Apparently miffed by all the attention the rail system has gotten this week, the air system has stepped up to the plate. Happily, if merely fortuitously, it hasn’t killed 100 people in the process. Note that this time it wasn’t poor JAL’s fault that it was involved:

    At 9:40 p.m., 29 April, a JAL jet landed, per instructions, on Haneda Airport’s Runway A, which had been closed for inspection and repairs. Another JAL jet was in the middle of descending toward Runway A and was forced to change course when the mistake was realized in the control tower several minutes later. According to the Ministry of Land, Transportation, and Infrastructure, the source of the error was that the controller on duty forgot that the runway was closed and therefore gave incorrect instructions. The Ministry has launched an investigation because of the possibility that the error could have led to a major accident.

    The controller is lucky that he made his screw-up when he did; the construction on the runway was set to begin at 11 p.m., an hour and change later. He’s also lucky that the plane that landed on it, an Airbus 300, was carrying only 51 passengers and crew. The plane that was diverted was a Boeing 777 with 161 aboard; it reascended and landed 10 minutes later.

    Added on 1 May: Good grief.

    The air traffic controller has told the ministry’s Haneda Airport office that he had forgotten that the runway was closed. Another 17 controllers on duty at the time also forgot about the closure of the runway even though all controllers working at the airport had been notified in advance.

    The ministry was apologetic about the incident. “I express my apologies from the bottom of my heart for causing anxiety to the public,” Yoshinori Furukawa, director of the ministry’s Air Traffic Control Division, said at a news conference on Saturday.

    Derailment fatalities top 100

    Posted by Sean at 07:49, April 29th, 2005

    Am I the only one who thinks it’s a little creepy the way NHK is profiling the driver who, it seems to be all but certain, caused Monday’s train derailment? We know that he loved sports, played basketball in junior high school, was kind of a party guy, and seemed to have been excited about being hired by JR West. I don’t get it. If he were a serial killer, or something, I could understand looking for clues in his background to what animated him. Profiling him as if he’d just won some kind of prize, I don’t understand.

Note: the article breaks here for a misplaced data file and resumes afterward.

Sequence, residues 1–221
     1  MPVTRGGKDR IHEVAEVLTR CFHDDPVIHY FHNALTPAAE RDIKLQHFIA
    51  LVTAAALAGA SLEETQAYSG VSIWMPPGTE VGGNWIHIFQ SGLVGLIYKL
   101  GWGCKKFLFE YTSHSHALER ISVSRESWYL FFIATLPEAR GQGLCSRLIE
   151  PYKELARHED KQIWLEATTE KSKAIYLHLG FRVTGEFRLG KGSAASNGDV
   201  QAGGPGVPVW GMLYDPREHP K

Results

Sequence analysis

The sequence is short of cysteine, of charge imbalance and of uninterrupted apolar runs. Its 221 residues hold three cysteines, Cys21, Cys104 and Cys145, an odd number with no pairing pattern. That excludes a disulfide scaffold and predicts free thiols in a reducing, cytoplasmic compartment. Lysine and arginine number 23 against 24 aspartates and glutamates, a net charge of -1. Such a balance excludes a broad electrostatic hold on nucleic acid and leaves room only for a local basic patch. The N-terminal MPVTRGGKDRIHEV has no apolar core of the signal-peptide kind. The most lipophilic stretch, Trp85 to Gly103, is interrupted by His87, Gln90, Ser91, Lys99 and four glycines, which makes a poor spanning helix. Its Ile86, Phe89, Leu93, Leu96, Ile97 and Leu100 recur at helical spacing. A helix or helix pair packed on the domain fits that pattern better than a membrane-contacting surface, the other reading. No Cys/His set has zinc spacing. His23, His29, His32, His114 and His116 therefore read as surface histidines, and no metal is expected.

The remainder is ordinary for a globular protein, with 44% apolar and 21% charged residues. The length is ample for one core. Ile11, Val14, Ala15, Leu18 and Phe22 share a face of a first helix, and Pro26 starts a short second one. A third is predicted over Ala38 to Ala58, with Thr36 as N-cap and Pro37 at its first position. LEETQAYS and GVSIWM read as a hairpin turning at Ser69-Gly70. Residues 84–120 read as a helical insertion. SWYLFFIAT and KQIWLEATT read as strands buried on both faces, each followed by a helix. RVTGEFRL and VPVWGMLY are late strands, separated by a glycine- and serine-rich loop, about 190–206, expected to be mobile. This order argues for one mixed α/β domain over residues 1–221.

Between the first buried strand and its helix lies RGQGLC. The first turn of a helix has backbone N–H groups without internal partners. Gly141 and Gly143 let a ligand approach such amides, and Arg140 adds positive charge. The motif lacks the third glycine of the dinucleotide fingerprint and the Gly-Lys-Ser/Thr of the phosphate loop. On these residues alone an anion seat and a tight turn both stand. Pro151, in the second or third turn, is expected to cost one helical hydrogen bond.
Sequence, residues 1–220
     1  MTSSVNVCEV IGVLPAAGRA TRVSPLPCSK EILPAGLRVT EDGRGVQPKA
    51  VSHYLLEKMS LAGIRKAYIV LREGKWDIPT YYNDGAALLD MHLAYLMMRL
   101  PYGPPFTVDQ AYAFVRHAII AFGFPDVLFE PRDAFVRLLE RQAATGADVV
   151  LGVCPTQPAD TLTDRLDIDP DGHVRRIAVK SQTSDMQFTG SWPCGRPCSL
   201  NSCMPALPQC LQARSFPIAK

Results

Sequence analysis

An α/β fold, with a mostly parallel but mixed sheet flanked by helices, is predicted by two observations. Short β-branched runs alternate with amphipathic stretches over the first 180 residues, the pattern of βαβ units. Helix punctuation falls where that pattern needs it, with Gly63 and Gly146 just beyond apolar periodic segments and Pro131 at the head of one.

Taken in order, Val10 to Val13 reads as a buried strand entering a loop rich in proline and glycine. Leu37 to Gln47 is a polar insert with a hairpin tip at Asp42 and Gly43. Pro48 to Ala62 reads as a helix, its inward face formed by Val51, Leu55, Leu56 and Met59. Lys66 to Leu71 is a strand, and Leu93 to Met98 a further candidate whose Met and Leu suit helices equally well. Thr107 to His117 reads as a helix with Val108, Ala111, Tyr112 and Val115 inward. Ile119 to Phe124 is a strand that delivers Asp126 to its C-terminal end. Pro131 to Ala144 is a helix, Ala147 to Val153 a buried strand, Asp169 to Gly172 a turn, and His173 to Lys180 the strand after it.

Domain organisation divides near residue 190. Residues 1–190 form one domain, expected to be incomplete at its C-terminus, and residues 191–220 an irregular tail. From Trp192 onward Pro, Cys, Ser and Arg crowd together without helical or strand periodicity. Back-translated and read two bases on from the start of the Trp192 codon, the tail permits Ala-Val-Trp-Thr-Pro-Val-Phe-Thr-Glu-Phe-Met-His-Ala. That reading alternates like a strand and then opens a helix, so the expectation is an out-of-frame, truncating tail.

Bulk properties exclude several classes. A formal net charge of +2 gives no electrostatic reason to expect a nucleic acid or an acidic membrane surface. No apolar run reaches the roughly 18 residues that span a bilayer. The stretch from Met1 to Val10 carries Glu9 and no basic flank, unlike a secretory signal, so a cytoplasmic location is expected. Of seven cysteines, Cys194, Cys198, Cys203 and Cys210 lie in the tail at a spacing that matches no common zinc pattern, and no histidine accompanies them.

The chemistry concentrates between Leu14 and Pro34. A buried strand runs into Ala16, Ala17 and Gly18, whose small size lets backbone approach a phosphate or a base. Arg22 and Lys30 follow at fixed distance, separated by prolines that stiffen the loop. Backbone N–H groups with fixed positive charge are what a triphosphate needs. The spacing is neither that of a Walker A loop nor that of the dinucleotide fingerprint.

There is one way in which information about Ryutaro Takami’s breezy personality is possibly meaningful. He overran platforms several times–once by 100 meters!–and had been reprimanded and sent to retraining. According to the conductor’s wife, Takami asked him to underreport the extent of Monday’s overrun at the station before the derailment, presumably to avoid being relieved of his duties and receiving a more stern reprimand. And it’s looking as if he decided on Monday that keeping his personnel record clean was worth risking the lives of his passengers by speeding.

    That kind of thing happens all over the world, but it’s a particular problem in appearances-are-everything societies like guess-where. One of Takami’s colleagues also relates that the company’s version of retraining involves mostly scolding by groups of superiors and pointless essay assignments about topics unrelated to railroad work, raising the possibility that JR West is in effect telling employees that avoiding the ire of higher-ups trumps every other priority. It’d be nice if that were more surprising than it is.

    Added on 30 April: In the interest of translating ideas rather than words, I rendered 再教育 (saikyoiku: “re-education”) as “retraining,” since that’s normally the word we would use for what goes on in the workplace. Re-education has totalitarian overtones.